The Government has dangled the carrot of tax benefits in front of employees in order to get them to accept shares in their employer in return for giving up certain employment rights.
The tax benefits
Employees who become ‘employee shareholders’ under the new regime can receive shares worth up to £2,000 free of income tax.
In addition, shares worth up to £50,000 when the employee acquired them will be exempt from capital gains tax on any subsequent sale.
There’s no such thing as a free lunch (certainly where HMRC is concerned), so in return for these tax benefits an employee shareholder will have to give up various employment rights, most significantly the right to claim unfair dismissal. However, since employees now have to work for 2 years before they acquire that right, new employees won’t be at a significant disadvantage until the end of that period – a risk they may consider worth taking in return for ‘tax free’ shares in their employer, particularly where the business plan involves a sale in the near future.
Needless to say there are certain legal and procedural requirements which have to be complied with in order for individuals to become ‘employee shareholders’:
- The company and the employee must enter into an ‘employee shareholder agreement’ under which the employee receives fully paid shares in return for sacrificing certain employment rights.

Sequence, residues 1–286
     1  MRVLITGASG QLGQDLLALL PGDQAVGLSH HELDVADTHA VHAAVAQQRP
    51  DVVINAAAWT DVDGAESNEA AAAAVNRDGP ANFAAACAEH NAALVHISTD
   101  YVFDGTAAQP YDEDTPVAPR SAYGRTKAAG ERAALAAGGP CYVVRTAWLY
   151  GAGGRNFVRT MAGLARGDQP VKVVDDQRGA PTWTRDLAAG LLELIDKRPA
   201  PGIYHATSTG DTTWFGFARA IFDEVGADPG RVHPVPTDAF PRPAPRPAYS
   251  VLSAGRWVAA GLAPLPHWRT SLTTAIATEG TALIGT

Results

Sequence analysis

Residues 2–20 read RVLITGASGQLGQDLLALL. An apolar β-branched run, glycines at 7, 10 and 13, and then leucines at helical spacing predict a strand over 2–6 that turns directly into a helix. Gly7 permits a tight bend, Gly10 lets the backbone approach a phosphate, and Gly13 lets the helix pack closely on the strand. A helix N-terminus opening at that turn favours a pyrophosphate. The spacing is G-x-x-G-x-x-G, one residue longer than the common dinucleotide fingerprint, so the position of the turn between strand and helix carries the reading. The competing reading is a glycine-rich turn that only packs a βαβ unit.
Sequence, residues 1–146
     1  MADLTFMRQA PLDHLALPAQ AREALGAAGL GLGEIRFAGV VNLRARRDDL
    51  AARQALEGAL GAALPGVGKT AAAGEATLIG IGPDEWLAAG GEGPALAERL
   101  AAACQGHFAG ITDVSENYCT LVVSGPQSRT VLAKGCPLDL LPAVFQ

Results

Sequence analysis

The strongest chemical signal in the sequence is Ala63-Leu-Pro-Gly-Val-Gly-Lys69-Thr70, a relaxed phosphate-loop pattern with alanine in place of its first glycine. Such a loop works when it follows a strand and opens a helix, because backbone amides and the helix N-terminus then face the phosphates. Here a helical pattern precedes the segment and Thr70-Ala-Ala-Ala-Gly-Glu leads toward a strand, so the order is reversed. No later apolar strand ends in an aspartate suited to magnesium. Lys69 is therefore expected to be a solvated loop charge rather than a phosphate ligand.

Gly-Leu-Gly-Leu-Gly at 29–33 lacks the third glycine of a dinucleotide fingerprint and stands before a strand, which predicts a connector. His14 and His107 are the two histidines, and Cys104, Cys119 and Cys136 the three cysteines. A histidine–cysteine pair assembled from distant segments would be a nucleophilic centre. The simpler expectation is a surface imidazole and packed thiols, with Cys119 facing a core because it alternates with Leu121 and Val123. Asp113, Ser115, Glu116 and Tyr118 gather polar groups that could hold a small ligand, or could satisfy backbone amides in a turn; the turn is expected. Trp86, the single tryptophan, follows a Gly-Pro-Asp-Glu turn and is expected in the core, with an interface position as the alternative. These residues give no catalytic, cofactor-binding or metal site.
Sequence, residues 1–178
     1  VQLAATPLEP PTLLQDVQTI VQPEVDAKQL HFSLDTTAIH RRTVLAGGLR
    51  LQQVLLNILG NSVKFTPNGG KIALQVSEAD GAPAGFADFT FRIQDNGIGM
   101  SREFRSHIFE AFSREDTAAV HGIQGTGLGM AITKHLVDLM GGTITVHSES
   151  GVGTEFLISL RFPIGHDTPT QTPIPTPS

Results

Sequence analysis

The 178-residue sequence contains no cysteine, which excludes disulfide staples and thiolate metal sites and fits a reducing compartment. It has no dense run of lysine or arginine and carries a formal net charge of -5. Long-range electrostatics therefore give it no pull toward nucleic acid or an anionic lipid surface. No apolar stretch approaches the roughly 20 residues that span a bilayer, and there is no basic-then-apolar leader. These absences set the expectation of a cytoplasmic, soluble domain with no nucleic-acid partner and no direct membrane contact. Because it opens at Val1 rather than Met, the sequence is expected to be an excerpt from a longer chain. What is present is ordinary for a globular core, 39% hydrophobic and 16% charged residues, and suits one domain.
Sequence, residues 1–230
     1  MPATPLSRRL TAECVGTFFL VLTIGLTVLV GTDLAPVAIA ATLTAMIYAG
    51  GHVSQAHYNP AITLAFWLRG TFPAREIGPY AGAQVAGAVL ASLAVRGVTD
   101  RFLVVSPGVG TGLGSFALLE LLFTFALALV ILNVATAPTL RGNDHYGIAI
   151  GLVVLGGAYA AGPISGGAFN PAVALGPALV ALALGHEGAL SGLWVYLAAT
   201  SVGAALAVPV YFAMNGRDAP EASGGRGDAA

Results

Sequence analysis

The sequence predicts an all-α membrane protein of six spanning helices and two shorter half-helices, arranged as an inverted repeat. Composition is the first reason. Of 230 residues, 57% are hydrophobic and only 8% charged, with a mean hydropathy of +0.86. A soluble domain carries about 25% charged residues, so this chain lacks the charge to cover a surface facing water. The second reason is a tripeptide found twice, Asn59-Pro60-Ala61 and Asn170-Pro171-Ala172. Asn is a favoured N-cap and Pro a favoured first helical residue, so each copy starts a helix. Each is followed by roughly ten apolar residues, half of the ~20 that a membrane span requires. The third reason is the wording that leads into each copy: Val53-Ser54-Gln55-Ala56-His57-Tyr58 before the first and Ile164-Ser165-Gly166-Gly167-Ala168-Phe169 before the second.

- The employee must receive independent legal advice on the employee shareholder agreement and the company must pay for that advice.
A further requirement is that, other than entering into the employee shareholder agreement, the employee cannot give any money or other consideration to the company in return for their shares. Since a company cannot issue shares for less than their nominal value, the Government has indicated that this will mean that, in the majority of cases, the employee shares will have to be paid up by capitalising the shares from available reserves. As a result, employee shareholder status may not be a viable option for companies without such available reserves, particularly new start ups – precisely the target audience this regime was originally aimed at.
Employee shareholder shares are another option which should be considered alongside entrepreneurs’ relief and EMI options when structuring remuneration packages. Companies which do not qualify for either of those regimes may be able to use employee shareholder shares to incentivise their staff. Even where companies and employees do qualify for entrepreneurs’ relief or the EMI regime, employee shareholder shares could be used to supplement their existing packages.